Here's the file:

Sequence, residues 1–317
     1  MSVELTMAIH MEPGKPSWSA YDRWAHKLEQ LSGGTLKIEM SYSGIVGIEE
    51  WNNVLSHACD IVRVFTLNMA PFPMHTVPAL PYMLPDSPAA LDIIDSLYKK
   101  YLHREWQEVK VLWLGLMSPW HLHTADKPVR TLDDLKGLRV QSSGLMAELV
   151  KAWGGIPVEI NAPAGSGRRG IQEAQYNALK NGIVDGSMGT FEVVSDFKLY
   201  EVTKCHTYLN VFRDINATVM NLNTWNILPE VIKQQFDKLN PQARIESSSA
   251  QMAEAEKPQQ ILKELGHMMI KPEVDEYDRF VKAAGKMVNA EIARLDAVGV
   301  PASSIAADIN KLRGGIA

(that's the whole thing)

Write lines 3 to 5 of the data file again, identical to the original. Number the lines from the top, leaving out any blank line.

    51  WNNVLSHACD IVRVFTLNMA PFPMHTVPAL PYMLPDSPAA LDIIDSLYKK
   101  YLHREWQEVK VLWLGLMSPW HLHTADKPVR TLDDLKGLRV QSSGLMAELV
   151  KAWGGIPVEI NAPAGSGRRG IQEAQYNALK NGIVDGSMGT FEVVSDFKLY